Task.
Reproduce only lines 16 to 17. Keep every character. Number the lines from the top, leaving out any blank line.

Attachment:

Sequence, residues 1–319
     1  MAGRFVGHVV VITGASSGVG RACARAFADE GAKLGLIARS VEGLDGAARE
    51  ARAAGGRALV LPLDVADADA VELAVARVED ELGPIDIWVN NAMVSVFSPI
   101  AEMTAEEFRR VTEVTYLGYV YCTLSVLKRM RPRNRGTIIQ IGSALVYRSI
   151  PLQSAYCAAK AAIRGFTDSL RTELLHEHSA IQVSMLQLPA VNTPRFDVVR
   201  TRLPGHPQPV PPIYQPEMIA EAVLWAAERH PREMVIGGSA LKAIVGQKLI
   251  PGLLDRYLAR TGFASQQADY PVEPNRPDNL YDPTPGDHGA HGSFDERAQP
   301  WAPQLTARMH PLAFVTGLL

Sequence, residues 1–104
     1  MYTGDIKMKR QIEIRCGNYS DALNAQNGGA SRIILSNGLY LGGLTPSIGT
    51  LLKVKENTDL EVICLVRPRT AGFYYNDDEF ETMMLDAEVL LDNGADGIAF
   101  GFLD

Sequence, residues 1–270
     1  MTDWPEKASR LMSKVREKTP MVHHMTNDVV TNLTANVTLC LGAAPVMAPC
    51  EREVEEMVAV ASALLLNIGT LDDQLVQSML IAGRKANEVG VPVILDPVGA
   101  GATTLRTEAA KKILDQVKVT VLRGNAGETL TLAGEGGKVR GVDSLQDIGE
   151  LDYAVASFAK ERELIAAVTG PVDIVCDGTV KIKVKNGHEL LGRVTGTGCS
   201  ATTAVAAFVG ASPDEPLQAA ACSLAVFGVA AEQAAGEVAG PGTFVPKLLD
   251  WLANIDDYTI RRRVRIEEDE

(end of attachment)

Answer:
   101  GATTLRTEAA KKILDQVKVT VLRGNAGETL TLAGEGGKVR GVDSLQDIGE
   151  LDYAVASFAK ERELIAAVTG PVDIVCDGTV KIKVKNGHEL LGRVTGTGCS